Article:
Wednesday, May 26, 2010
Google announced today the official release of Chrome 5 for Windows, Linux, and Mac OS X. It arrives less than a month after Google made the new version available through its beta channel. This release reflects Chrome's rapid pace of evolution and Google's strong commitment to advancing Web technology and performance.
Google has enhanced the browser's cloud synchronization framework, extending it to support browser preferences and themes in addition to bookmarks. Chrome 5 ships with the Flash plugin included by default, an addition that was made possible by Google's recent partnership with Adobe.
This release marks a significant milestone for the browser, because it is the first official stable release of Chrome for Mac and Linux. Chrome was previously only distributed for those platforms in the form of beta and developer builds.
"Since last December, we've been chipping away at bugs and building in new features to get the Mac and Linux versions caught up with the Windows version, and now we can finally announce that the Mac and Linux versions are ready for prime time," Google said in a statement on its official blog.
When Chrome was first launched in 2008, it was only available for the Windows operating system. Mac and Linux versions emerged the following year and quickly advanced towards parity with the Windows version.
Although building Chrome for Linux posed some early challenges, the developers were able to deliver an impressive port with native theming and a complete feature set. Chrome development now appears to be largely in sync across all three of the major operating systems. It seems likely that we can expect to see simultaneous cross-platform releases for subsequent versions.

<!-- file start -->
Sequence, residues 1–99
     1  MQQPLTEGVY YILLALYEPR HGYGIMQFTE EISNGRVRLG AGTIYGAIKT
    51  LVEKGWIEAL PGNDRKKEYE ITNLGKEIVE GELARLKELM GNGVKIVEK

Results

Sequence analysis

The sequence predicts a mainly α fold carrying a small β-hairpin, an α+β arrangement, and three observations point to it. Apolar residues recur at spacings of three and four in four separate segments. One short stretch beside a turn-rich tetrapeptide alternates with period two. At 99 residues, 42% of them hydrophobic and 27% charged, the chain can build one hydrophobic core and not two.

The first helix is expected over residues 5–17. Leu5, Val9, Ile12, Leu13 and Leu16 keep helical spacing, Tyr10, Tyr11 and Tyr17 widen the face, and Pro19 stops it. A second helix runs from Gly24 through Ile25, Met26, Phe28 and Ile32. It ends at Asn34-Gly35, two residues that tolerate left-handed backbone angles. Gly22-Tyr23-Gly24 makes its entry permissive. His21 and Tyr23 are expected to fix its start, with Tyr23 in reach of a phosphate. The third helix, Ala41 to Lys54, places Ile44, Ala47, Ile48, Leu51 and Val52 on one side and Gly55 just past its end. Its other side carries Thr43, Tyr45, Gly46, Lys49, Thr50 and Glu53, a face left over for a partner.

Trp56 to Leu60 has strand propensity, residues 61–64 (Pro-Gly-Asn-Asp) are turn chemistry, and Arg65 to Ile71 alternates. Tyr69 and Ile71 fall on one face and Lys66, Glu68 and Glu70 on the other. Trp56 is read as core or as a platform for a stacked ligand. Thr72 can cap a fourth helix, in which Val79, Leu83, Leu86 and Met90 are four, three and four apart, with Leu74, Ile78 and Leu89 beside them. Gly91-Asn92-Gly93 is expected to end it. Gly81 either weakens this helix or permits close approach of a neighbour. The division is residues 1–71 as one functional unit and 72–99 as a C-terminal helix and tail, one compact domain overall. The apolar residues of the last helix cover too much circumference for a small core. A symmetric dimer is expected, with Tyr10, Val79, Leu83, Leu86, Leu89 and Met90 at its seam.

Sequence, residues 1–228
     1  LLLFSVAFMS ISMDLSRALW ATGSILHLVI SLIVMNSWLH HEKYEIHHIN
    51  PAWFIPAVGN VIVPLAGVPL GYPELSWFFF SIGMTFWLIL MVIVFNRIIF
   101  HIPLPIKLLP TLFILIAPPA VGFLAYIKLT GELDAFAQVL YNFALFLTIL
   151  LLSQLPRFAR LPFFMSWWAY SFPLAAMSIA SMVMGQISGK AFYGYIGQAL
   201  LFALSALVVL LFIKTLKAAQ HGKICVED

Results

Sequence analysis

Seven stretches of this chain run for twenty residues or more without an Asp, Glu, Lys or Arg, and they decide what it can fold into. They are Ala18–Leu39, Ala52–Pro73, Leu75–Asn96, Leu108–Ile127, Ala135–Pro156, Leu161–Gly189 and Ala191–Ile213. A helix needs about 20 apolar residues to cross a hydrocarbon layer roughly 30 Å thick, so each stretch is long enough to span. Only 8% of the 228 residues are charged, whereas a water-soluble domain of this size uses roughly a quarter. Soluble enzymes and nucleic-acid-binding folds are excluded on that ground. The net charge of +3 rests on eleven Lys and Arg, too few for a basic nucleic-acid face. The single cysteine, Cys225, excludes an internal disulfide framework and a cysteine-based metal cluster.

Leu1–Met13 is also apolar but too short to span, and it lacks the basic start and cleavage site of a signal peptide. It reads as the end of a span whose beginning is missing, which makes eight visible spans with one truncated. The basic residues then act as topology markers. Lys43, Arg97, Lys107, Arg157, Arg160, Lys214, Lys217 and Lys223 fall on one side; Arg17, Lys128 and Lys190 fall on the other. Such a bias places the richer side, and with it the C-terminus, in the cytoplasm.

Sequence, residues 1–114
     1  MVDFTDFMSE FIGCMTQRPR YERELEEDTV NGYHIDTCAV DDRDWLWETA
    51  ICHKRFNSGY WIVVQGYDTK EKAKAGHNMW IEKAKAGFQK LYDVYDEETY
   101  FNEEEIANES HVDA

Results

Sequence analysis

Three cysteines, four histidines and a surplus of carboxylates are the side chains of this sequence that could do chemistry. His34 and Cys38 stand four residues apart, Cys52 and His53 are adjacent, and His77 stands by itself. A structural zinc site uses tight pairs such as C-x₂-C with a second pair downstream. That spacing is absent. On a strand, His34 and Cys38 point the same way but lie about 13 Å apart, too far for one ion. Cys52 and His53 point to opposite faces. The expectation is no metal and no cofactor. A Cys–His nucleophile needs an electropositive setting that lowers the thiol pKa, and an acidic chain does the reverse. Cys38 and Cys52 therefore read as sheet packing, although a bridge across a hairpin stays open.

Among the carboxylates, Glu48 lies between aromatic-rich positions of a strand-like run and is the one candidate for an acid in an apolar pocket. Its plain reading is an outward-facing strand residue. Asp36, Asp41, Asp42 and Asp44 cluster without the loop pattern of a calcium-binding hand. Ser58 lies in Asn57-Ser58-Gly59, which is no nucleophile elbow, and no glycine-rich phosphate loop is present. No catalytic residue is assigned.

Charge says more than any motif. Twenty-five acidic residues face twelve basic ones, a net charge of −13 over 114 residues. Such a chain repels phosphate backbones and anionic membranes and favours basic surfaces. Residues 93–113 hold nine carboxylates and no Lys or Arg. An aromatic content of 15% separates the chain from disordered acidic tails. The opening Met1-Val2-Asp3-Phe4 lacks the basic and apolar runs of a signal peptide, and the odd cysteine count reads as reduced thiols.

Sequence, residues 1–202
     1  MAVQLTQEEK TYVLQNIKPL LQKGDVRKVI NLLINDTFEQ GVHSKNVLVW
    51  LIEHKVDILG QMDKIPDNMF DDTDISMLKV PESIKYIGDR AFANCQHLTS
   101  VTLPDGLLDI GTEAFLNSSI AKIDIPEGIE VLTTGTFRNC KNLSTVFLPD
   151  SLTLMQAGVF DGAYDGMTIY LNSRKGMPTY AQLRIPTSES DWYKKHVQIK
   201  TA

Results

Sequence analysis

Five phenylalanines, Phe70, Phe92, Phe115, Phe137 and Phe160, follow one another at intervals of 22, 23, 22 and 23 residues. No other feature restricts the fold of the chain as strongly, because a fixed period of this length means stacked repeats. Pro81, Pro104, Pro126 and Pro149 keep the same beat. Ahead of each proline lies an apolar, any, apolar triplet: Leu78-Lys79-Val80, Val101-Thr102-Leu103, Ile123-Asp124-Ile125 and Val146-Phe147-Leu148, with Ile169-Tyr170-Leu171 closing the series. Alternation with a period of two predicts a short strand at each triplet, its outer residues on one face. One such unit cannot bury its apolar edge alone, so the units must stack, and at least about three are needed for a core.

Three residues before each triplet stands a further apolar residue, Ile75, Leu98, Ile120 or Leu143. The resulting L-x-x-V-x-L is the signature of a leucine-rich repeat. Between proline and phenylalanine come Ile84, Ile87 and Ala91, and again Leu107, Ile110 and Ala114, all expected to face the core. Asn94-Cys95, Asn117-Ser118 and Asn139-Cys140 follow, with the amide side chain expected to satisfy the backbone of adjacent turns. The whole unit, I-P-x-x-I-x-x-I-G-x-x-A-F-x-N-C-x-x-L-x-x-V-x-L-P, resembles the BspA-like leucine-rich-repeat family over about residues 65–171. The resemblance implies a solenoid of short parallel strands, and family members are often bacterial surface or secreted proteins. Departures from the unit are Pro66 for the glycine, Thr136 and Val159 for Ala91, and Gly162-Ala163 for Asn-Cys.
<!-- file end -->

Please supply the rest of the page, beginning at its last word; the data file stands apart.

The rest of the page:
Chrome and the open source Chromium variant are rapidly gaining traction on Linux and Mac OS X. Statistics from popular Linux websites such as OMG!Ubuntu show that Chrome and Chromium are collectively approaching almost 40 percent market share among Linux enthusiasts.
Chrome was a hot topic at the recent Ubuntu Developer Summit, which I attended earlier this month. The Ubuntu developer community elected to include Chromium as the default browser in the next major version of the Ubuntu Netbook Edition. The browser's excellent performance and highly responsive user interface make it an obvious choice for netbooks, but it won't displace Firefox yet as the default browser in the conventional desktop version of Ubuntu. One of Google's Chrome engineers attended the event and participated in the discussions.
Google intends to use Chrome as the centerpiece of its own Linux-based mobile operating system, which could potentially start appearing on devices later this year. The idea of a browser-centric Chrome OS seemed a bit far-fetched when it was first announced last year, but it's starting to look a lot more attractive as said browser matures.